Property taxes add risk to investments
We have heard a lot of comment about last week’s front-page story involving property taxes and a quick rise that is seeming to price some out of this market.
Property taxes, either absorbed or passed through what tenants pay in rents, are becoming a burden on local small business owners. Whether employers own or lease their properties, the tax bill — just like insurance, employee costs and practically everything else — has been nicking at their bottom line.
Commercial rent payments are currently about $2 to $2.50 per square foot, per month, and some rents in the “golden blocks” on Main Street go even higher. That means businesses must sell a lot of merchandise, food and beverages or services before they even begin to pay employees, inventory, utilities and more.
The quick purchase of property is great for the community on one hand. Older properties get a fresh makeover with these investments, and the town benefits from having fewer dilapidated homes and buildings. One of Fredericksburg’s attractions is its pride of ownership. We certainly don’t fault investors for fixing up properties.
But the purchases in this hot real estate market, at or above market value, affect other property owners due to current state laws on how properties must be appraised. That is, other properties where owners may have no plan for selling are valued on the tax rolls at 100 percent of market value.
The discussion in last week’s story stated that an income formula might be used, or capping market appraisals at just 80 percent, or even 60 percent, of market values. The former appraisers in the discussion noted that if that were to happen, taxing entities may adjust upward. We appreciate their voices in this topic, and they, more than most, realize the problems with the current system. An income formula to base appraisal values could also be part of the solution for commercial properties.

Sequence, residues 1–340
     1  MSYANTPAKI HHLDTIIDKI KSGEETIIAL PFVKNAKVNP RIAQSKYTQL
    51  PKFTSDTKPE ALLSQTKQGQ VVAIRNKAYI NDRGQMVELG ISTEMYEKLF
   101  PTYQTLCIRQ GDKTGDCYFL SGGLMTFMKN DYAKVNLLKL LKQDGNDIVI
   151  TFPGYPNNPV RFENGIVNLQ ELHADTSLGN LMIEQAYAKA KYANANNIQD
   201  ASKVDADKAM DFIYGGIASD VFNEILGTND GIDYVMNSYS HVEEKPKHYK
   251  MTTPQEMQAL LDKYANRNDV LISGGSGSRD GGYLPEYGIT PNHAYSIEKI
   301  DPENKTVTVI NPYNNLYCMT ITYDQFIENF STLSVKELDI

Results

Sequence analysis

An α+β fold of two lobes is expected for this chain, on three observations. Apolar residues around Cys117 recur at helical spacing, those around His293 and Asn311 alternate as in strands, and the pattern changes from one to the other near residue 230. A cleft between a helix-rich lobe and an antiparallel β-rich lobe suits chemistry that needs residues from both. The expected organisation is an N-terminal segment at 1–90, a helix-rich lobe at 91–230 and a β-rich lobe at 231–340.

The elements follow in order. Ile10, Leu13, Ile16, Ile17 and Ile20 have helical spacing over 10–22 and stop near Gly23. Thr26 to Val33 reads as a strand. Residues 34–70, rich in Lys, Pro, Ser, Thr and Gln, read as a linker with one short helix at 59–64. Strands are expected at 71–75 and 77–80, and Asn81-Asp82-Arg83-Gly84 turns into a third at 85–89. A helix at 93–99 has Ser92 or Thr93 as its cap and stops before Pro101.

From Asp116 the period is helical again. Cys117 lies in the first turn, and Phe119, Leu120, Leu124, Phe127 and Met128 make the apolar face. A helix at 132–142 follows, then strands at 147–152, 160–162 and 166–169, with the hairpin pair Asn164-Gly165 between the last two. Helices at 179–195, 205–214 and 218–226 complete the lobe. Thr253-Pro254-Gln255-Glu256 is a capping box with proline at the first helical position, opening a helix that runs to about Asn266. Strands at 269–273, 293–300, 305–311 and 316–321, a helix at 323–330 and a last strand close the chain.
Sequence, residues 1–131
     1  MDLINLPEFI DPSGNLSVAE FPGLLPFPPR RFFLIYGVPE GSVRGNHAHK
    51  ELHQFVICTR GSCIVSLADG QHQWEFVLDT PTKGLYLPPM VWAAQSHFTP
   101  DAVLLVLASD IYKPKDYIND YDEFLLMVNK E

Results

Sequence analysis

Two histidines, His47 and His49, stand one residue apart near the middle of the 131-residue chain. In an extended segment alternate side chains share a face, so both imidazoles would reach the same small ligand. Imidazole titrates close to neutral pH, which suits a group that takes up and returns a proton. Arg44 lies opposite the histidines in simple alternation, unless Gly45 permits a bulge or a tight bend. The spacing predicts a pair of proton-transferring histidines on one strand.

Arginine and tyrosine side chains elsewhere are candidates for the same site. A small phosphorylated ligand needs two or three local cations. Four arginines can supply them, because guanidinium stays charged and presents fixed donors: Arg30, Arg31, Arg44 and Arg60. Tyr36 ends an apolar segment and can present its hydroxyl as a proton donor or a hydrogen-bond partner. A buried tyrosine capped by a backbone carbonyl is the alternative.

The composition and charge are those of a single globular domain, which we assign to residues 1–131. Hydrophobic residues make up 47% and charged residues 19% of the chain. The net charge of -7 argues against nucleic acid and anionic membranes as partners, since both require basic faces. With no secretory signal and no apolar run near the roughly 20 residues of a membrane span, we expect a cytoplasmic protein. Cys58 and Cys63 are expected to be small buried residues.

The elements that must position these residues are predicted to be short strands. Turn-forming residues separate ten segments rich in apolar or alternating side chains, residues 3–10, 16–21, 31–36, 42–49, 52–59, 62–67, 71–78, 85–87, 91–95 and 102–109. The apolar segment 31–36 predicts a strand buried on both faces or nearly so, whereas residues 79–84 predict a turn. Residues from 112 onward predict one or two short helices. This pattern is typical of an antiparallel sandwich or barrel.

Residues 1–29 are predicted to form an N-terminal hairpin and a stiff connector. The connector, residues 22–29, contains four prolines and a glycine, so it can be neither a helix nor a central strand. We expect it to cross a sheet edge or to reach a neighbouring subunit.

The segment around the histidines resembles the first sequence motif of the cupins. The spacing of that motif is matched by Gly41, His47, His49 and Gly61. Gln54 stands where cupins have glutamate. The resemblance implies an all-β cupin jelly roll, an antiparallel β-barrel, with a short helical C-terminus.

Schools need to be in on the discussion, as well. Property taxes are currently the only way Texas funds its school districts. So in a place like Fredericksburg which has slow growth, but rapidly rising prices due to low supply, property owners end up paying substantially more each year. Again, the legislature’s failure to address this is hurting every citizen in the state.
We must also acknowledge that we don’t believe the city, school or county — our taxing entities — spend money foolishly or without consideration for taxpayers. This has traditionally been a conservative, “pay as you go” community, and those roots still appear to run deep.
The meeting, spurred by complaints to State Rep. Kyle Biedermann, was a good start in what needs to be a continuing dialogue at the local and state levels. Biedermann also needs to understand that the state’s lessening share of public education funding — which his caucus advocates — is a big part of why schools haven’t been able to cut tax rates, even as values increase. Add in a hefty increase in state population and public school children, and the state can’t continue to go backward on its spending formula.
We don’t want this market or its Main Street to be considered unattainable for small businesses, but rents and mortgages are rapidly careening that way. Add your voice to how you believe it should be fixed.